“I write every record for that car ride,” he admits. “They were some of the happiest times of my life. I can still see me and my best friends in middle school driving around and putting on. There are some records that you put in and the first sound allows you, before the music starts, to go, ‘I know what you just put on!’ So this one, I hope the breaking of the bottle lets people go ‘Oh, the fuse has been lit!’ And I hope that somebody in that car is going to put it in and it’s just going to make some night awesome.”
It shouldn’t be too much of a tall order. The band’s ninth album of original material, DO YOUR ART is yet another blast of the energetic, uplifting ska-punk that Big D and the Kids Table has been making since McWane himself was still a teenager. These days, he might be older—and he now shares his life with a wife and two children—but the effusive and determined spirit that drove and inspired him to do this at the beginning is just as powerful now. In fact, McWane suggests—despite the success that the band has enjoyed over years all around the world, from the U.S. to the UK and Europe, Asia, Southeast Asia and Australia—that this collection of songs (the fifth for SideOneDummy) is the culmination of all those years and all those dreams.
“Now that this record is on SideOneDummy and now that I’m in my 40s,” he says, “this is the first moment where I can look back at the young 17-year old me from [1997’s split LP with Drexel] Shot by Lammi and go ‘Just to let you know, we do it. We
If anything, it’s that sense of accomplishment that the frontman wants to impart with this record. DO YOUR ART, you see, isn’t just an album title, but an inherently political mission statement delivered with gusto and enthusiasm to anyone creative to remind them to keep going, even if the odds are increasingly stacked against them in this hyper-capitalistic society.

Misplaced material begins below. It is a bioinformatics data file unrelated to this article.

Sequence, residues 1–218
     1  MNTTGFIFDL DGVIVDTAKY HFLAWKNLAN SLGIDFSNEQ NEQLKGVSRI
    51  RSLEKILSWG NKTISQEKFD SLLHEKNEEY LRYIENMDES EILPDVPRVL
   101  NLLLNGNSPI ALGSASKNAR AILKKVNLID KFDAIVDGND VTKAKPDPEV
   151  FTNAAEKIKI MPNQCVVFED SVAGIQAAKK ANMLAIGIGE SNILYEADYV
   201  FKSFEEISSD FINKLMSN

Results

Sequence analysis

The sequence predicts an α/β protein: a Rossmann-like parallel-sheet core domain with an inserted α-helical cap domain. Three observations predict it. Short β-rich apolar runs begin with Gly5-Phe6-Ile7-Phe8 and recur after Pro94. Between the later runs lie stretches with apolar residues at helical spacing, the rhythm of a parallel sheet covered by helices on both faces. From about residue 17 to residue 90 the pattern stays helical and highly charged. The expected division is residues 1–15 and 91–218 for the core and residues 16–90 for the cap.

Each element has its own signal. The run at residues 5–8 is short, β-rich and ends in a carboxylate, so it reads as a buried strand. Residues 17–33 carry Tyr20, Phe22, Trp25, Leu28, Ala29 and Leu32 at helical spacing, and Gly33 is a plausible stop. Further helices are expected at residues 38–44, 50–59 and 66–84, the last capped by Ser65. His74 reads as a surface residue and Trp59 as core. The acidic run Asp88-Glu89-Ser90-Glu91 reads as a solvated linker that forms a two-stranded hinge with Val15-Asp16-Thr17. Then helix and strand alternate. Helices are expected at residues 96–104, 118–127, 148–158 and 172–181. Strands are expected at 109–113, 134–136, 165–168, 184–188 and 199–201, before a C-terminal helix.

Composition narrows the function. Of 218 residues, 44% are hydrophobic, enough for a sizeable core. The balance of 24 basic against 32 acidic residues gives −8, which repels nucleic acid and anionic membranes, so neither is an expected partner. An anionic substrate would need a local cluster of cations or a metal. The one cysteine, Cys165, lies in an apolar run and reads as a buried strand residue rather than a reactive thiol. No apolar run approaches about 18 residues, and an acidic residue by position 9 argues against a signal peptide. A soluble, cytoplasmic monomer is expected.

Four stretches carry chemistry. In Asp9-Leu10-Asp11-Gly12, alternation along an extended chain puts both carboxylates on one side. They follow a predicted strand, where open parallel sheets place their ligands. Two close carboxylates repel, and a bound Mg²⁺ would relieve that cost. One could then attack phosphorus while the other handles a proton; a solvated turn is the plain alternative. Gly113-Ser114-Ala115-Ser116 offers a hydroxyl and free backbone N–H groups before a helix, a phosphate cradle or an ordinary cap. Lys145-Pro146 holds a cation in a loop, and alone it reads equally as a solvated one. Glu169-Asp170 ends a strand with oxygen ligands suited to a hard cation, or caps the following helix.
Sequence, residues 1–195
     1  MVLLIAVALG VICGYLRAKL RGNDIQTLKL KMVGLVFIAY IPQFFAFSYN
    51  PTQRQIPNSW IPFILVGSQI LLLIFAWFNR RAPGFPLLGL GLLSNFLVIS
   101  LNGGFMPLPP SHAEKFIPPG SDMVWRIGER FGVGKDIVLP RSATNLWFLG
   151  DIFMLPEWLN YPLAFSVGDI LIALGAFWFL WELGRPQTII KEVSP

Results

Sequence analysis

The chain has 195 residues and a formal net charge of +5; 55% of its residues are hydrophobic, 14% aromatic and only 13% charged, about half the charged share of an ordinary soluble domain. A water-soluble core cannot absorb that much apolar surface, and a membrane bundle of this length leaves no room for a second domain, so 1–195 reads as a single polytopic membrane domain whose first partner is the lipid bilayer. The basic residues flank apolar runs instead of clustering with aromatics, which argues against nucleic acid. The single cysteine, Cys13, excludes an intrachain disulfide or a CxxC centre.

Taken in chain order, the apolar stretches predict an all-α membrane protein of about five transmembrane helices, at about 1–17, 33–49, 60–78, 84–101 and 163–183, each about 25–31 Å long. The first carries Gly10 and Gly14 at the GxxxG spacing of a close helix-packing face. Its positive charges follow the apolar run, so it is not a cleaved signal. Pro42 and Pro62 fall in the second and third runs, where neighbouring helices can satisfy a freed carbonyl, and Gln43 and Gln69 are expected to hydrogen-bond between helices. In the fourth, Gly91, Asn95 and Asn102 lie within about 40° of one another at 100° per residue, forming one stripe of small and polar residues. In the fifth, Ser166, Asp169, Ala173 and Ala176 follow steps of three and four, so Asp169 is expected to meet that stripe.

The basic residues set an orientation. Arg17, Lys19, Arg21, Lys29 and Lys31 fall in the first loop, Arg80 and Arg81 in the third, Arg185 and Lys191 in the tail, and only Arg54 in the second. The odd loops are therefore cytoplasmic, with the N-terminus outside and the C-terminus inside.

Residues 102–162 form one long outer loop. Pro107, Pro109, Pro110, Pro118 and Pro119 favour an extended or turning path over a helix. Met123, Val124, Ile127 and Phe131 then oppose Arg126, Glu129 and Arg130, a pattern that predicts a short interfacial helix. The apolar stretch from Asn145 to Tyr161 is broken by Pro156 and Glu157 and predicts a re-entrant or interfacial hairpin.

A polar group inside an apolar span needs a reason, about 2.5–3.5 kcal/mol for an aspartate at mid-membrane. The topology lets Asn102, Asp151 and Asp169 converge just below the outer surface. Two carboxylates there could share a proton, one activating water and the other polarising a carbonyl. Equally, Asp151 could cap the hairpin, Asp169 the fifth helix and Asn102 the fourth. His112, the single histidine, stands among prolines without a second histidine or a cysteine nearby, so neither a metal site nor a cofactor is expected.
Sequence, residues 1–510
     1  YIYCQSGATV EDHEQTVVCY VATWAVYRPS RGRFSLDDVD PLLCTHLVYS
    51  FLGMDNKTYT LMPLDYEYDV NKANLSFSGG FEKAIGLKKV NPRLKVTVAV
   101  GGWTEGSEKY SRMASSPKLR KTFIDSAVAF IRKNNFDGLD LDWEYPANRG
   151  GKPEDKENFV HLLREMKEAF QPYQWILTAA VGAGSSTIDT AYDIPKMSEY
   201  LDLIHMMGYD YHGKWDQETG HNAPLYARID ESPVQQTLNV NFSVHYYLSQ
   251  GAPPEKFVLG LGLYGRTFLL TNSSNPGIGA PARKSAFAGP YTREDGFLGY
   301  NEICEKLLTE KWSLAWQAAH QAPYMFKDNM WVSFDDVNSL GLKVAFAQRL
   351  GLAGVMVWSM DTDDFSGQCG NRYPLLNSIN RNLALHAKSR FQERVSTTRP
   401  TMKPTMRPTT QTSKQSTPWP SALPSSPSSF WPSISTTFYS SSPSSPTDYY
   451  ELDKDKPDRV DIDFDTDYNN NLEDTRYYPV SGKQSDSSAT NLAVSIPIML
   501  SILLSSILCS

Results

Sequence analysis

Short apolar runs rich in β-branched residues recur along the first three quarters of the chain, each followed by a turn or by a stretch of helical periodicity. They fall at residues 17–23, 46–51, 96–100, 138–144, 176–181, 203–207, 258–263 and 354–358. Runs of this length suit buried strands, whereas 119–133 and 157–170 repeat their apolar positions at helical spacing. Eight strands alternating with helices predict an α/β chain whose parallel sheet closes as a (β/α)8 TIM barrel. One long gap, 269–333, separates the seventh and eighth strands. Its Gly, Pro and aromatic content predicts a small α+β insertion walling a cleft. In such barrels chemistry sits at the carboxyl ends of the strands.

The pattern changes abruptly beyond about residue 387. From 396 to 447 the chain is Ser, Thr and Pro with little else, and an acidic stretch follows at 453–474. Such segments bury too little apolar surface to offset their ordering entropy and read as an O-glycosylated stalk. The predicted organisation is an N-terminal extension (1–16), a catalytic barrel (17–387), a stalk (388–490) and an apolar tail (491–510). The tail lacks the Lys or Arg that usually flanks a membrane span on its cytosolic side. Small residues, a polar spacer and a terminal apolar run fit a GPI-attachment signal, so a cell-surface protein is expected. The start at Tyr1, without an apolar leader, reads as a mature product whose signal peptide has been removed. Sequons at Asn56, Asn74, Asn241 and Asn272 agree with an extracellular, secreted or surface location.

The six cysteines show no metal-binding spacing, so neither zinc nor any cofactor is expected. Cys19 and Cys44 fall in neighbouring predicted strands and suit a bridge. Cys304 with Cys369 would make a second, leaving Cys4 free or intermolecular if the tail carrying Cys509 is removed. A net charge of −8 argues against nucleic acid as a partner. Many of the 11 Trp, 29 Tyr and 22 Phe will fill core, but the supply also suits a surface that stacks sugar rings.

“I wanted to instill in young artists—or old artists, or whoever—to keep doing it,” says McWane. “Meaning even though life might pull you away with its demands, and life’s tough and there’s no middle class anymore and it’s just work, work, work, work, work, don’t give up. It’s a hard fact to hear but it’s true that fortunate Americans with connected parents or relatives are going to get all the things first. They’re going to be in a famous band first, they’re going to be a famous artist first, but I don’t want artists who aren’t connected to ever feel like they weren’t good enough. Every musician, artist and dancer needs to realize that that’s magic inside of them that other people don’t have.”
More than just a critique of America’s power structure, this also serves as a resistance against the very American expectation of working ourselves slowly and
obediently into our graves. “Always use that magic,” continues McWane. “Realize you have it, and never put it away. Do your art, even if the current American system right now is limiting us, because no-one has time after an eight hour shift and an hour-and-a-half commute both ways, and you have to eat breakfast and you have to make dinner – there’s no time. But don’t let that stop you from doing your art.”